Looking to greener pastures

After writing off months of milk production, farmers in the North are looking to compensation.

August 31, 2006 11:58
Looking to greener pastures

moo cow 88. (photo credit: )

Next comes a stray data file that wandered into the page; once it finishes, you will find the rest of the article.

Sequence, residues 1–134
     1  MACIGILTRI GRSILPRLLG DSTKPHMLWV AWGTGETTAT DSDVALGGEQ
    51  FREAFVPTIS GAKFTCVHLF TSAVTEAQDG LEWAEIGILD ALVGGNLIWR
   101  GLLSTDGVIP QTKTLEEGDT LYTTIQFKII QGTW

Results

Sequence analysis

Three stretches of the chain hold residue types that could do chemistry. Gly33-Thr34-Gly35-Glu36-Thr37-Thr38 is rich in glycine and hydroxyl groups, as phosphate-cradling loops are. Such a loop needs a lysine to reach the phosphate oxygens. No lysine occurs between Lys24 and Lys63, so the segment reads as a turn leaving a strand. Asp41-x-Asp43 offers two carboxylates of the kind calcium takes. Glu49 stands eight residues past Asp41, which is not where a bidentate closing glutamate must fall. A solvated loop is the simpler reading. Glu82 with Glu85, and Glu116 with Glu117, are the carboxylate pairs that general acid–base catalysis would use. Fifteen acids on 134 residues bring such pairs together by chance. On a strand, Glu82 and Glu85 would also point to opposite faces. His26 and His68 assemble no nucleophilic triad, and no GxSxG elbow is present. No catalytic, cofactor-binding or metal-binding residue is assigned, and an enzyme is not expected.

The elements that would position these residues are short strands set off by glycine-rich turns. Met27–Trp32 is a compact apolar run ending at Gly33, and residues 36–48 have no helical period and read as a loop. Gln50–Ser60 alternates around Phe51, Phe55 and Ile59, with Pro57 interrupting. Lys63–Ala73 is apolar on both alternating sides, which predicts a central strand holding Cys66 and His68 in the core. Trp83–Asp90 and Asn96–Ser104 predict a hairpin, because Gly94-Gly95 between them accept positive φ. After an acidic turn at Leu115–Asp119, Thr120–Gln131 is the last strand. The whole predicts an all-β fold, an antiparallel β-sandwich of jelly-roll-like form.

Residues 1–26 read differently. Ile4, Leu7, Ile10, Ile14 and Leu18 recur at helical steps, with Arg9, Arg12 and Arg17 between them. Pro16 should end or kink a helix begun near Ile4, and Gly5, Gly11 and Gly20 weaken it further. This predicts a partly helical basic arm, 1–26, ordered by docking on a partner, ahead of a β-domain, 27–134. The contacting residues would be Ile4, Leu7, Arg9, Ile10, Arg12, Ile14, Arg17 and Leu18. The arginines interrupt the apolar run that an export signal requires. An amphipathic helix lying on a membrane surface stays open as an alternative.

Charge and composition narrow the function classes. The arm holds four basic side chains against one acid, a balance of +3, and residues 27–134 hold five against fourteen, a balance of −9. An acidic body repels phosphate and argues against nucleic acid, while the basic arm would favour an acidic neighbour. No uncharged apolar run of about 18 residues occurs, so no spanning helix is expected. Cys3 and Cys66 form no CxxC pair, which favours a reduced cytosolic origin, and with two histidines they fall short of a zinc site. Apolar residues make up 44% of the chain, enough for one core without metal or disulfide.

Roni Litbak knows every one of his cows by name. He knows how much milk she gives. He knows which calves she's the mother of. And he immediately knew which ones he lost when a Katyusha landed in the cowshed and killed 50 of his cattle. "It was like a massacre," says Litbak, who was released from the army once it was reported that a rocket had landed in the middle of Kibbutz Amir, whose farm he manages. "When I got there I saw cows without heads, without legs, half cows, quarter cows, burning cows. It was a disaster. It was a disaster for normal people to see, and I think it was a 10 times worse disaster for people who work with the cows." Because the cows are like his family. The loss was personal as well as professional. Even before the attack, Litbak felt bad leaving his cattle unprotected just seven kilometers from the Lebanese border while he took cover in a bomb shelter. He and the other farm workers took turns staying above ground and tending on a limited basis to their charges. While Litbak's family moved south, he stayed put because the farm, as he explains, is a business that can't be left alone even for a minute. But working in shifts as they did, they couldn't work as they should. They couldn't feed or milk them as often. They couldn't give the cows their usual showers to cool them down, which makes them eat more and therefore produce more milk. And the cows themselves were terrified by all the violence, so they ate less and yielded less milk. "A cow needs to feel relaxed. She needs to eat, milk and sleep. If you see a cow running all the time, you see that something is not normal about how the cow is feeling," says Litbak as he stands aside dozens of cows chewing grass, swatting flies with their tails, and uttering the rare moo. "During the war they were stressed all the time. Sometimes you could see them running around the farm like lunatics because of the bombing." The signs of physical damage are subtle - the shed's roof is open in one area, small holes from ball-bearings proliferate, a crumpled Katyusha shell sits in Litbak's office - but they remain. As does the emotional injury. The cows are still in the process of returning to their former milk productivity. All of which makes the loss also financial. Litbak calculates that the war cost the farm close to NIS 1 million - or 80 percent of its net profits - in direct destruction, killed cows and lost production. And dairy farmers aren't the only ones who took a big hit because of the summer's war. Other livestock was also affected, such as chickens who laid fewer eggs. And crops couldn't be gathered, a particular problem for growers whose fruit was ripening right as hostilities broke out. So agriculturists in the north are picking up the pieces - sometimes, as it comes to Roni Litbak and his Katyusha rockets, literally - and trying to get back on their feet. Other business sectors are complaining that the government compensation falls short. But the farmers feel they are going to get what is due, and then recover, along with their cows. ALMOST A third - or 4,000 - of Israel's farmers reside in the northern part of the country, according to the Israel Farmers' Federation. Though exact figures won't be available for a few more weeks, the Ministry of Agriculture estimates they sustained up to NIS 500 million in losses over the course of the fighting. Infrastructure such as water systems and buildings was destroyed by Katyusha attacks and fires. Even the other dairy and beef farms, which number a little under 50, that didn't suffer direct rocket hits on their cattle suffered the same kinds of lost productivity as Kibbutz Amir. Growers, mainly of summer fruits, number over 1,000. They weren't able to harvest their crops or tend to their plants. And poultry farmers, of which there are at least 2,000, had chickens too scared to produce the many eggs. "We simply didn't have quiet for a single minute. You would be sitting and then suddenly there would be a boom," recollects Leah Mor, who owns a chicken coop in Kfar Yuval, which abuts the Lebanese border. "It was scary. And if we were scared all the time, then so were the birds." The chickens, 2,000 of whom sit beside her comfortable home, are still flustered, squacking and pecking as they sit three to a cage in staggered rows. Mor explains that when the chickens hear any disruptive noises, in this case Hizbullah rockets and Israeli artillery, "her egg-laying declines, she holds it in." And then, Mor continues, "She begins to move around in the hen house and the eggs are broken, and the broken eggs are unusable. You can't market broken eggs." Mor's egg yield might have gone down over 50% and her chickens, like the cows, might still not have started laying as many eggs as they used to. But the situation of her fall orchards is worse. The summer fruit intake is lost. Long lines of squat trees, many deep green in defiance of the black and brown charcoaled remains that surround them, bear ripe peaches, plums and nectarines hanging overripe and unplucked from the branches. They are so ripe that they would rot by the time they would reach market were they harvested now. And equal numbers of fruit have fallen from the trees, prey to the many visitors who scoop them up. Mor's husband himself tries to gather them so they won't go to waste, as the family foists them on visitors and bundles them up to give to the soldiers stationed nearby. The family lost their entire season's harvest since the war coincided precisely with the time the fruit needed to be gathered. The rest of the northern growers - 90% of the summer fruit farmers in the country - are in the same boat. Throughout the year "you just pay and pay and pay, and it's only now that you get money in return," explains Mor, pointing to the salary of the foreign workers they employ and the supplies they use to maintain the orchards. "Now when we were supposed to harvest and get money, the war began. It was impossible to go to harvest, because our fields are in Kiryat Shmona and Kfar Yuval, and the rockets fell on us like rain." Altogether, she said,"This is an enormous, enormous loss." And next year might not be much better. Because not only the harvesting but essential maintenance couldn't be done to the trees, the entire orchard is not functioning as it should. "The damage is there because we didn't spray the trees against bugs, we didn't fertilize. The trees need many things and we did nothing," Mor explains. Mor's husband estimates the damage at NIS 500,000 -- and believes that it will take up to four years to recover. Some of the trees have been burnt to cinder. For the fruit growers, the war couldn't have come at a worse time. They had already suffered through two bad summers, when a glut of fruit drove prices down so far that it was difficult for them to recoup their costs. "They entered the war in a pretty bad economic situation. They expected that this would be a good, promising year, in both the quantity and quality of the fruit, and the markets looked good at the beginning of the season. The war confounded the whole process," according to Yusta Bleier, the secretary-general of the Israel Farmers' Federation. "Of course, when you ask farmers, 'Why do you want to continue to work?' they say, 'Next year it will be better.' Someone who thinks that the next year will be worse leaves this line of work immediately. This is the optimism of all farmers around the world: that next year will be good," Bleier says. "And they really thought, that after two difficult years for most of the different types of fruits, this can happen." And they didn't just think it, he says. The signs pointed in the direction of a good year that would restore the previous years' losses. Now, according to Bleier, "The farmers can't get through this crisis without the help of the government." Perhaps displaying some of his own optimism from a life spent farming, Bleier expresses confidence that the government will come to the rescue of the North's agricultural industry, though even so he thinks it will take something like a year to recover. "Most of the income of the North is based on agriculture and tourism," notes Dafna Yurista, spokeswoman for the Agriculture Ministry. "Because this is the basis of most of the income there, we need to take care of them." The plan provides three routes for receiving money. The first, or green, track provides full compensation for farmers and is calculated according to one's crops and dunams. The second, or red, track is for farmers who think that they perform better than the norm and want more money than they would receive under the "green" standardized system. To get such coverage, they will have to supply receipts, tax returns and other proof to show that they are entitled to more restitution. According to Israel Farmers' Federation economist Rachel Borushek, only a few exporters are expected to apply for that track, and even less for the third, "pink" path, a complicated combination of the two. Currently, all farmers using the green route are due to receive 100% compensation for their losses, but the process will be simpler and more remunerative for those along the confrontation line. They will only need to submit a list of their crops and dunams and the government will calculate how much they are owed. Farmers further south need to submit the same information but indicate how many days they were able to work, which will be deducted from the total sum they receive, according to Borushek. While they won't need to provide any documentation about days lost, the Agriculture Ministry will do some spot checks of farms and their data. Borushek says that policy is fair. "Everyone knows they [farmers in the lower Galilee] were able to go into the fields and pick their fruit because there wasn't a rain of Katyushas." Claims are starting to be processed, but none have been paid out yet. Bleier says the current scheme is more than adequate, though an individual farmer here and there might not be able to overcome the setback of this summer. The compensation program itself was drawn up before the Katyushas had even finished falling. "This isn't the first time we've had a war, so, unfortunately, we've also gained a lot of experience on the issue of compensation," says Bleier with a sad smile. "The government understands the problem and, so far, [has been] great. It's possible that there will be failures later on, but in the meantime, this is a positive precedent amidst all the mess." He is aware that other businesses have many complaints with the way the government is handling compensation - that they are saying that they want to be treated as the farmers have. One reason it has been easier so far for those in agriculture to be reimbursed, according to Borushek, is that the value of the product lost is easier to assess. While each restaurant has to prove how successful it was and therefore how much funding it's entitled to, farmers have easily quantifiable products. "Here the government knows what an apple, what a pear, what a grape is [worth]," she explains. Bleier argues that it's appropriate that the government made the farming sector "a priority," even as other industries complain about lagging compensation efforts and under-assessment. In addition to the contribution agriculture makes to the economy of the North, Bleier asserts that the farms play an important role in securing the border of the state. "If you go out in the region, you'll see that at the border, at the very edge, there are apple orchards and peach orchards," he says. "If there weren't farmers sitting at the border, there wouldn't be one. There wouldn't be any definition of a border. They're defining the borders of the country." He continues, "We say that the farmers drew the map. There almost aren't cities aside from Kiryat Shmona that are close to the border. All the rest are farmers." Bleier points particularly to the role of farms in high-risk areas - in this case along the Lebanese border. Since before the founding of the State of Israel, communities based on agriculture have been founded in the region to ensure Jewish population in the border regions. "To settle the periphery is a national priority" with "strategic importance," explains Yurista. "We need to encourage them" - whether through grants, sufficient war compensation or other financial incentives - "in order for them to stay there." She says the government is acting quickly when it comes to farmers because "in the long term, we don't want people in the North to be hurt by this war." Litbak also says the government has to play a special role for the people in his environs, who have suffered so much. Without such funds, he says it would be hard to continue. Throughout Israel's history, the damage wrought to citizens during the war was always recompensed by the government. "I think it's right," says Litbak. "If during every war in Israel, citizens would lose so much money," Litback adds while laughing to himself, "we would have a lot of problems because we have a lot of wars." Until the next one, Litbak is busy choosing new cows to replace the ones that have died and enjoying the freedom of tending to his farm without fear of falling rockets. "We got a very strong punch from this war, but it's not going to break us. It's not going to make us fall," he declares. "We're going to recover. It will take time, but we're going to do it."